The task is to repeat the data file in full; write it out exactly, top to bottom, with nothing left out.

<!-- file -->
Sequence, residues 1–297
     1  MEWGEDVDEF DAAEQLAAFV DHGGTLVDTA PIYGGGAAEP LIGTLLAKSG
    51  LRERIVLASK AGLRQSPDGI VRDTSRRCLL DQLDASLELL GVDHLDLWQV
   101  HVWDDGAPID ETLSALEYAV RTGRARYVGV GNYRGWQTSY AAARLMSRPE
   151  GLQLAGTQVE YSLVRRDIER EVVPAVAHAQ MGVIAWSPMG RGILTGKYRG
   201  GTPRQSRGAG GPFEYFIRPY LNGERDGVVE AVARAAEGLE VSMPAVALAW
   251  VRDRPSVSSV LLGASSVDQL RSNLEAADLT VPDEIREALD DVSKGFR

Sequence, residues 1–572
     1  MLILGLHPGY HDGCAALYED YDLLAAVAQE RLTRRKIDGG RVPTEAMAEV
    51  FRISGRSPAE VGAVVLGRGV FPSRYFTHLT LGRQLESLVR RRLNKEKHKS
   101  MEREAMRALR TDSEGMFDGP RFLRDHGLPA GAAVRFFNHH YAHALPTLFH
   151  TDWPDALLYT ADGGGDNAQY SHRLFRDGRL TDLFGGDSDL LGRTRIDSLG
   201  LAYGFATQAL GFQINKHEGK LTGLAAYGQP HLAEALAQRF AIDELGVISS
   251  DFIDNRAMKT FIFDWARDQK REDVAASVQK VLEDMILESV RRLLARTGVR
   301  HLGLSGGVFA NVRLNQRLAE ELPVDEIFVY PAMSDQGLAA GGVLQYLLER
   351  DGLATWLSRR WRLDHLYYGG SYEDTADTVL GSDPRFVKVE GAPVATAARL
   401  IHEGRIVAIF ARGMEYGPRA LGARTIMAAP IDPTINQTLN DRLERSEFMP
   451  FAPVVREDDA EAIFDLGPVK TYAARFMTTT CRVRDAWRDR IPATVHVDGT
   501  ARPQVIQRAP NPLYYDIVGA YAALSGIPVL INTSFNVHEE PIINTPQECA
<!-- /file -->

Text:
Sequence, residues 1–297
     1  MEWGEDVDEF DAAEQLAAFV DHGGTLVDTA PIYGGGAAEP LIGTLLAKSG
    51  LRERIVLASK AGLRQSPDGI VRDTSRRCLL DQLDASLELL GVDHLDLWQV
   101  HVWDDGAPID ETLSALEYAV RTGRARYVGV GNYRGWQTSY AAARLMSRPE
   151  GLQLAGTQVE YSLVRRDIER EVVPAVAHAQ MGVIAWSPMG RGILTGKYRG
   201  GTPRQSRGAG GPFEYFIRPY LNGERDGVVE AVARAAEGLE VSMPAVALAW
   251  VRDRPSVSSV LLGASSVDQL RSNLEAADLT VPDEIREALD DVSKGFR

Sequence, residues 1–572
     1  MLILGLHPGY HDGCAALYED YDLLAAVAQE RLTRRKIDGG RVPTEAMAEV
    51  FRISGRSPAE VGAVVLGRGV FPSRYFTHLT LGRQLESLVR RRLNKEKHKS
   101  MEREAMRALR TDSEGMFDGP RFLRDHGLPA GAAVRFFNHH YAHALPTLFH
   151  TDWPDALLYT ADGGGDNAQY SHRLFRDGRL TDLFGGDSDL LGRTRIDSLG
   201  LAYGFATQAL GFQINKHEGK LTGLAAYGQP HLAEALAQRF AIDELGVISS
   251  DFIDNRAMKT FIFDWARDQK REDVAASVQK VLEDMILESV RRLLARTGVR
   301  HLGLSGGVFA NVRLNQRLAE ELPVDEIFVY PAMSDQGLAA GGVLQYLLER
   351  DGLATWLSRR WRLDHLYYGG SYEDTADTVL GSDPRFVKVE GAPVATAARL
   401  IHEGRIVAIF ARGMEYGPRA LGARTIMAAP IDPTINQTLN DRLERSEFMP
   451  FAPVVREDDA EAIFDLGPVK TYAARFMTTT CRVRDAWRDR IPATVHVDGT
   501  ARPQVIQRAP NPLYYDIVGA YAALSGIPVL INTSFNVHEE PIINTPQECA